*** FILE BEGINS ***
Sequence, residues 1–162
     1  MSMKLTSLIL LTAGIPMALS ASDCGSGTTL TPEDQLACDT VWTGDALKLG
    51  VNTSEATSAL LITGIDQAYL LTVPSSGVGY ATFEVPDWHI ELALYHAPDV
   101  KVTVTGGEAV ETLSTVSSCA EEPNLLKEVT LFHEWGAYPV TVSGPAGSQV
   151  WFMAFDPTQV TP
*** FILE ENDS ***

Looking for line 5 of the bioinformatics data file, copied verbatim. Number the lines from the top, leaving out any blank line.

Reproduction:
   151  WFMAFDPTQV TP